Young people urged to consider apprenticeships
The head of a website that promotes awareness of alternative forms of learning to university has called on youngsters in the north-east to give serious consideration to vocational training and apprenticeship schemes.
According to Spencer Mehlmen, who is the managing director of notgoingtouni.co.uk, there are plenty of different paths to university that individuals have open to them and that may be more suitable for their development.
He told the Northern Echo: "It would be fantastic to see more students within the north-east undertaking apprenticeships and vocational training, realising their potential and defying stereotypes."
By pursuing such a path, individuals can ensure that they are learning real and practical skills - whether from their colleagues and managers or from online learning resources - that will be of direct benefit to their chosen career path, enabling them to move up the career ladder.
The website's Apprenticeship Guide 2014 lists a number of benefits of undertaking career-based training instead of going to university, which many young adults may not have thought of, from earning money sooner and developing a strong work ethic to learning about your industry or sector of choice and gaining work experience that will help you to find jobs down the line.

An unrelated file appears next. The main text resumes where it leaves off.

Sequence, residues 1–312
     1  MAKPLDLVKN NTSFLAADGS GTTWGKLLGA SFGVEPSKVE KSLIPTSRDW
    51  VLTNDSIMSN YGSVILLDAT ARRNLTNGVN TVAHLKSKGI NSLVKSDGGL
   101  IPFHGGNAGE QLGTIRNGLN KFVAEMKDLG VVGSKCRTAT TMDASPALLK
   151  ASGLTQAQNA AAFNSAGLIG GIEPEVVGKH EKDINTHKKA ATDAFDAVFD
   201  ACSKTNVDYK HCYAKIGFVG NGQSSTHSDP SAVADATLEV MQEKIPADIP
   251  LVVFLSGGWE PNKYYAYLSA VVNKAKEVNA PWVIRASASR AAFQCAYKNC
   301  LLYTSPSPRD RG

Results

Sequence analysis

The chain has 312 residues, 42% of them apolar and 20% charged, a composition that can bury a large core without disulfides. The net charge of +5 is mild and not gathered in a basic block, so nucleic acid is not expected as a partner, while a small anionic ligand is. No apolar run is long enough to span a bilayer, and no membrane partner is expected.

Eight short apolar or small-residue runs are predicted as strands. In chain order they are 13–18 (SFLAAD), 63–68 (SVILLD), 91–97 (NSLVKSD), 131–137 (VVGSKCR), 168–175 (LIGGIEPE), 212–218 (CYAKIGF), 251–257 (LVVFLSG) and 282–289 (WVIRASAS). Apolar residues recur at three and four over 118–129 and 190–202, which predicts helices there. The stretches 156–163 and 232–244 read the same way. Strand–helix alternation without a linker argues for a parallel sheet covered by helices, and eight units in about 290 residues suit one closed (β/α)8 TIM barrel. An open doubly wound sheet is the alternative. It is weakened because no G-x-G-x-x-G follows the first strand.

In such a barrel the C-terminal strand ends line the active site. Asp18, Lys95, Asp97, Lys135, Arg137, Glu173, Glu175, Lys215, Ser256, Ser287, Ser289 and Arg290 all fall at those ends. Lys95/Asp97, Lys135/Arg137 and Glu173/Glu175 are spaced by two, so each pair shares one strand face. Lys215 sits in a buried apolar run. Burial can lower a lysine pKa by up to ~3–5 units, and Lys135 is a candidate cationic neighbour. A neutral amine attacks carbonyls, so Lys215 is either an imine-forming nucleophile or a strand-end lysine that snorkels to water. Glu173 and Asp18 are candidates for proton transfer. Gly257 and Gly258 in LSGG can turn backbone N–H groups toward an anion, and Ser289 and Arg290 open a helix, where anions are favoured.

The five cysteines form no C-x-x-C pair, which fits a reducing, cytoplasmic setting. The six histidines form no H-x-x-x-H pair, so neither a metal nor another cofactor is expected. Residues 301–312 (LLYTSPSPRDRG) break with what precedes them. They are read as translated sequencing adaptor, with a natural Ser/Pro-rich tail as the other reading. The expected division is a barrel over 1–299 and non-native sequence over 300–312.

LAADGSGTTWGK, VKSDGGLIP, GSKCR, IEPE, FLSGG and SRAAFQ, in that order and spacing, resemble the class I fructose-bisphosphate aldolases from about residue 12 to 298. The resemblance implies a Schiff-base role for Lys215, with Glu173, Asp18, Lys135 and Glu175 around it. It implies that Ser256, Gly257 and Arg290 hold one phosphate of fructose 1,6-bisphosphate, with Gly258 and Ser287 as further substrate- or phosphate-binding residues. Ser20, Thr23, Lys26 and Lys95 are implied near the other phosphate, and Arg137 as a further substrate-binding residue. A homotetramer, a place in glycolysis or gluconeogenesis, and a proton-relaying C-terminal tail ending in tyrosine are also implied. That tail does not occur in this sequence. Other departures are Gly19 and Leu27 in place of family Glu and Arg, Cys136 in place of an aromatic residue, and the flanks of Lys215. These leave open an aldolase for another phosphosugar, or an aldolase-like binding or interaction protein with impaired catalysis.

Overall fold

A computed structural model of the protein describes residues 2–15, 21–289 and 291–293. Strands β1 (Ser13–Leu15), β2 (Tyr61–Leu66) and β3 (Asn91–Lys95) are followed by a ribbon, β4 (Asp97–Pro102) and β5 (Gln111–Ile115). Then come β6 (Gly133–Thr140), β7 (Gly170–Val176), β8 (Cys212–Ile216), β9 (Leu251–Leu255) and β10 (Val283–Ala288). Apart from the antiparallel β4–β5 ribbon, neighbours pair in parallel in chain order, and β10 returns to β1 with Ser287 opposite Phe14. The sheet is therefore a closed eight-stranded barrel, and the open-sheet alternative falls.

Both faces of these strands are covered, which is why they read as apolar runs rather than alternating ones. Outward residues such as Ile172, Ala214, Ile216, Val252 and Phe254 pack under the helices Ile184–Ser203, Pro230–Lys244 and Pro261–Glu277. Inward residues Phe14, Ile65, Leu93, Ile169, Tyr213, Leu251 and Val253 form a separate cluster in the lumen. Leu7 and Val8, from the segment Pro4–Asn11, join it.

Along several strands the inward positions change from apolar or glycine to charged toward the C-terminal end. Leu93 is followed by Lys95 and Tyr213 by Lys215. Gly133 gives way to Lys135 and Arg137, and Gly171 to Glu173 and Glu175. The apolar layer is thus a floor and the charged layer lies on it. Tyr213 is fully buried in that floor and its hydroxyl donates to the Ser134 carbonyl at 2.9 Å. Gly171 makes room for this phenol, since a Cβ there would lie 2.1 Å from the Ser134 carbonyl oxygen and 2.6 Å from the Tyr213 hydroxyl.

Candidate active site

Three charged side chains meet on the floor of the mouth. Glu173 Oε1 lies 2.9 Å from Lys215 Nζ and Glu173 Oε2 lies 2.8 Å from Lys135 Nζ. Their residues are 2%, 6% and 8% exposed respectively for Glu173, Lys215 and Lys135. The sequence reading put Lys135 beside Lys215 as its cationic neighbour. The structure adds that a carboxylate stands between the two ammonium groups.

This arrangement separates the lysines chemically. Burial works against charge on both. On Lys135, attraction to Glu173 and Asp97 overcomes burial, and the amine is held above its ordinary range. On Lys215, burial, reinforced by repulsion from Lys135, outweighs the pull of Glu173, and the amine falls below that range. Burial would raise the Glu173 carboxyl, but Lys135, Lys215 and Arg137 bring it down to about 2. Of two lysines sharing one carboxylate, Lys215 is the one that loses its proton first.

It is estimated that those who complete an apprenticeship will earn as much as £100,000 more over their lifetimes than individuals in the same fields who do not.
Looking at the north-east in particular, Mr Mehlmen notes that there has been a significant rise in the number of apprenticeships within the workplace across the region and that there have been significant investments in sectors such as green technology, while cost of living and house prices are also low.
He told the newspaper: "It’s possible to pave yourself a fantastic career without having to attend university for three or more years. It’s possible, and sometimes more beneficial, to undertake an apprenticeship whereby you learn whilst you earn, and with so many companies – large and small – offering such schemes, we want to make sure students are fully aware of all options before making a decision."